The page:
You watch the film and hope Jimmy gets out of town in time, you shout at the screen for him to leave but although his reflexes are still good his mind is weary and his time is up, the tagline for The Wild Bunch is they came too late, they stayed too long, for Jimmy that is also true.
This is a short film at only 85 minutes long but it deserves your attention, its a classic western and its a classic film, if only more films had as much thought put into them as this one has.
This is a pyschological study of a man who made the wrong decisions in life and ended up regretting them, its as telling today as it was back in 1950 and has aged beautifully. Featuring superb black and white cinematography by three times Oscar winner Arthur C. Miller i recommend this film down and i hope that one day it gets the film restoration treatment for blu ray.
Incidentally to show the type of class Gregory Peck had i must recount this tale of the actor Richard Jaeckel who played Eddie in The Gunfighter, Jaeckel's wife had just been diagnosed with Alzheimers and Jaeckel himself was suffering from Cancer, they owed lots of money on their home and were declared bankrupt, they lost their home in 1994 but thanks to lobbying by Mr Peck he was able to get into the Motion Picture and Television Retirement Center in Woodland Hills where he died one year later.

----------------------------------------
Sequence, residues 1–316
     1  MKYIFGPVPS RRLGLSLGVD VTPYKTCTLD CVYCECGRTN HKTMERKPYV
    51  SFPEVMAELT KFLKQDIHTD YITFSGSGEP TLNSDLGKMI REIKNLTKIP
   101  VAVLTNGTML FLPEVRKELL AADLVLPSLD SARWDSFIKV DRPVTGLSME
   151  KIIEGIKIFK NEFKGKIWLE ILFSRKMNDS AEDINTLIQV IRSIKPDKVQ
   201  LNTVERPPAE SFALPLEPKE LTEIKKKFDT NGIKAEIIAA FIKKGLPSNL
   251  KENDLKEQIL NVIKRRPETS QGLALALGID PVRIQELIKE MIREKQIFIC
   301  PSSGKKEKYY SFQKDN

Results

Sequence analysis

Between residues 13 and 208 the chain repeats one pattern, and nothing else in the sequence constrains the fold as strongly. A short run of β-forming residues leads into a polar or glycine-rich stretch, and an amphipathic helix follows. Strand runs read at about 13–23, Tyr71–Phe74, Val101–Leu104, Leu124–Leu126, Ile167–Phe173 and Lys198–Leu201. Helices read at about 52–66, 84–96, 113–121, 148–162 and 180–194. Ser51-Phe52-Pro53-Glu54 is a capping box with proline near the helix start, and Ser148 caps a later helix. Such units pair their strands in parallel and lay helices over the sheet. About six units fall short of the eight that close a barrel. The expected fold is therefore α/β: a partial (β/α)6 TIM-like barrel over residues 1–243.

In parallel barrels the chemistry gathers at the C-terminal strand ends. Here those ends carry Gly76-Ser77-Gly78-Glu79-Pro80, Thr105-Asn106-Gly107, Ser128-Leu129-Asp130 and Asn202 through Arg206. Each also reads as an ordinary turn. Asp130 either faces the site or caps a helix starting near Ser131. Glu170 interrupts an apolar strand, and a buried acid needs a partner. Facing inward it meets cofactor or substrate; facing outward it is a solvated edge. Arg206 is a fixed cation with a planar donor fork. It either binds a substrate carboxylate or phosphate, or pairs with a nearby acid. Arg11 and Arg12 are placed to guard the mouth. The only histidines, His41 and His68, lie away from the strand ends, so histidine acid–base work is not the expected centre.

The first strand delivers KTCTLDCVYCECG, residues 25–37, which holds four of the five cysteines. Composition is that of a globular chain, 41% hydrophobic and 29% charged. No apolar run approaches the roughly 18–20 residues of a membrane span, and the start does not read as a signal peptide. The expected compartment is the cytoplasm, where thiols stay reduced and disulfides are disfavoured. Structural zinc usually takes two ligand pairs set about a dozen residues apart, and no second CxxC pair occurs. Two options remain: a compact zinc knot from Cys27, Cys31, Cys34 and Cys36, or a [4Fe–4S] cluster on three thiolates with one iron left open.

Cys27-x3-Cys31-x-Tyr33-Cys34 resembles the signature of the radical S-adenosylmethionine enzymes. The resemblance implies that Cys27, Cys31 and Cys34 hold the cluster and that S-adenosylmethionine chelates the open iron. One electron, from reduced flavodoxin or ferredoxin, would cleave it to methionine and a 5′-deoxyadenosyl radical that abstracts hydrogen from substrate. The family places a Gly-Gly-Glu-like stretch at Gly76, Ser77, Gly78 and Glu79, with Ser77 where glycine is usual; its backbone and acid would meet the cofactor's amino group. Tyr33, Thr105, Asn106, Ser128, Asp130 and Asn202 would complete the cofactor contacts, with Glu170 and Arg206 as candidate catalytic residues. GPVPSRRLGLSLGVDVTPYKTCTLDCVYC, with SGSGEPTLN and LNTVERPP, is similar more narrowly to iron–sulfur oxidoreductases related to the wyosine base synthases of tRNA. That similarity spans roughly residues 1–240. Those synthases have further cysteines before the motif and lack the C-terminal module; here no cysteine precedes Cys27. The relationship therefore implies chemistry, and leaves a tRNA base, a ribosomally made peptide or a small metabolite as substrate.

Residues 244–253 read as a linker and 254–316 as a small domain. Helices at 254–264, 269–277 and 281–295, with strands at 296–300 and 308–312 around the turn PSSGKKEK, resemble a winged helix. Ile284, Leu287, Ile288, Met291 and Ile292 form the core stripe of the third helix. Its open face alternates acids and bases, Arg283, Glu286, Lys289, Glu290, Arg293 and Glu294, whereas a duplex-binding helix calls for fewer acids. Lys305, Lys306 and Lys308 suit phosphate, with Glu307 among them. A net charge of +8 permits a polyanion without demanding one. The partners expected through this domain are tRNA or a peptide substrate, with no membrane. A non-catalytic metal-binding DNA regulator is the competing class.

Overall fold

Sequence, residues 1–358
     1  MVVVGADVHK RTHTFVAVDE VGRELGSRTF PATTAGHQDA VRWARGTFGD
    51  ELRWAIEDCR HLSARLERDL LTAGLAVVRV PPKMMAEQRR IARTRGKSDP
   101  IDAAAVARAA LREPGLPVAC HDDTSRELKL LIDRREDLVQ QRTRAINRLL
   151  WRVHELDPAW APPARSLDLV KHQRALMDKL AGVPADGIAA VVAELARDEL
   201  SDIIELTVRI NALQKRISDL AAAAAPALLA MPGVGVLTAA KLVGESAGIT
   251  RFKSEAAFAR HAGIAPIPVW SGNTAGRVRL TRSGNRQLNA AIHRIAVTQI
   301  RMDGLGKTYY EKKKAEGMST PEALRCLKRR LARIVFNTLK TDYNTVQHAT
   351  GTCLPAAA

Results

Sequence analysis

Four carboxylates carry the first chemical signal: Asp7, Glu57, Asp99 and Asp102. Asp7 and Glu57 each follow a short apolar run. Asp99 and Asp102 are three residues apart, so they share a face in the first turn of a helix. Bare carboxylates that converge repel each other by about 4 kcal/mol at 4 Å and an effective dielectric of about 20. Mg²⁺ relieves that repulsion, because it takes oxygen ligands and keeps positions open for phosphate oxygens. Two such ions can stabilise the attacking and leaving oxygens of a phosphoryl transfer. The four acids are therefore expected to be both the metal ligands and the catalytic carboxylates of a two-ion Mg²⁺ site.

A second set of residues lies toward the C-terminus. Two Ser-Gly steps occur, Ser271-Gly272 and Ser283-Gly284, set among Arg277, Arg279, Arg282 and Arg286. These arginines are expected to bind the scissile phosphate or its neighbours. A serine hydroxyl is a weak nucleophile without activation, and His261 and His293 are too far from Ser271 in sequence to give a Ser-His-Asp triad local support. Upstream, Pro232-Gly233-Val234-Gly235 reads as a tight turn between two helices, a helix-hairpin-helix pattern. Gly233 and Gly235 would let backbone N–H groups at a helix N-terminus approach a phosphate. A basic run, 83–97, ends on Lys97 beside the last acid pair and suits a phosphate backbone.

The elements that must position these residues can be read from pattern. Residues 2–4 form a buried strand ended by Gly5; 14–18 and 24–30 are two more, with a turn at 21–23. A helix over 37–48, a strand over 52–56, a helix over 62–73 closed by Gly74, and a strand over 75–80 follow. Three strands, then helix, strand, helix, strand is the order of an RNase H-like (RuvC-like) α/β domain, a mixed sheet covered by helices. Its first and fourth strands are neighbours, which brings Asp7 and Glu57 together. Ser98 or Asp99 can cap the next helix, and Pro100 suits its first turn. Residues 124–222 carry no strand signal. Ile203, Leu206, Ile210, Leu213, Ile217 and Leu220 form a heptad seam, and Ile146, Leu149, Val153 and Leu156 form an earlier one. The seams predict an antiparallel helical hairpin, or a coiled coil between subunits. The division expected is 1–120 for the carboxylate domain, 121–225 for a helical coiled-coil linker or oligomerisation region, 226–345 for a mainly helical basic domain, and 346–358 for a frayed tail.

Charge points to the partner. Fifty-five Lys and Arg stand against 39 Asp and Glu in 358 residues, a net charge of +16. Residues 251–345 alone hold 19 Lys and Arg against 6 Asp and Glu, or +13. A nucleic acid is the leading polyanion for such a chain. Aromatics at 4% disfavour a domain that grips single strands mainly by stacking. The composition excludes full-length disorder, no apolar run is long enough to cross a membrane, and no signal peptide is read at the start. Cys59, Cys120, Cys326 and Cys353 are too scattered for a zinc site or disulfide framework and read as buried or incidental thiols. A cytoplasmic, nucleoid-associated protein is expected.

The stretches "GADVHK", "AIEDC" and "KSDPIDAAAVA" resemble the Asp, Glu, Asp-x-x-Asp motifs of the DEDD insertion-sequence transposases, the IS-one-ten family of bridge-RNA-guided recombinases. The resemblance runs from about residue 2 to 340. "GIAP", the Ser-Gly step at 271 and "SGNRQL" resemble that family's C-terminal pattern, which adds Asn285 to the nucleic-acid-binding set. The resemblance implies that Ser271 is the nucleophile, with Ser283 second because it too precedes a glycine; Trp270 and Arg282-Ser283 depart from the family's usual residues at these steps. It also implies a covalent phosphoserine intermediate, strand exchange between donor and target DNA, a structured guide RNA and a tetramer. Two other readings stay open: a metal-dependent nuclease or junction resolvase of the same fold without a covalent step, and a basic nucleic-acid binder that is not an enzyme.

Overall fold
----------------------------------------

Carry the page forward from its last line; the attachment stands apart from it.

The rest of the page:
Its worth pointing out that many movies have featured the character of Johnny Ringo, the last of which was the excellent Tombstone.
There is no doubt this film is loosely based on the character of Johnny Ringo even though the name has been changed to Jimmy, Johnny Ringo was real and hung around with the Clanton's and was a member of the infamous cowboys gang, there are many rumours and stories as to how Ringo died, most have been debunked and it is likely he killed himself due to depression after a marathon drinking binge.
Gregory Peck often got scripts which were originally rejected by Cary Grant but he felt The Gunfighter was one of his best film roles, i agree, check it out. Its currently available on DVD.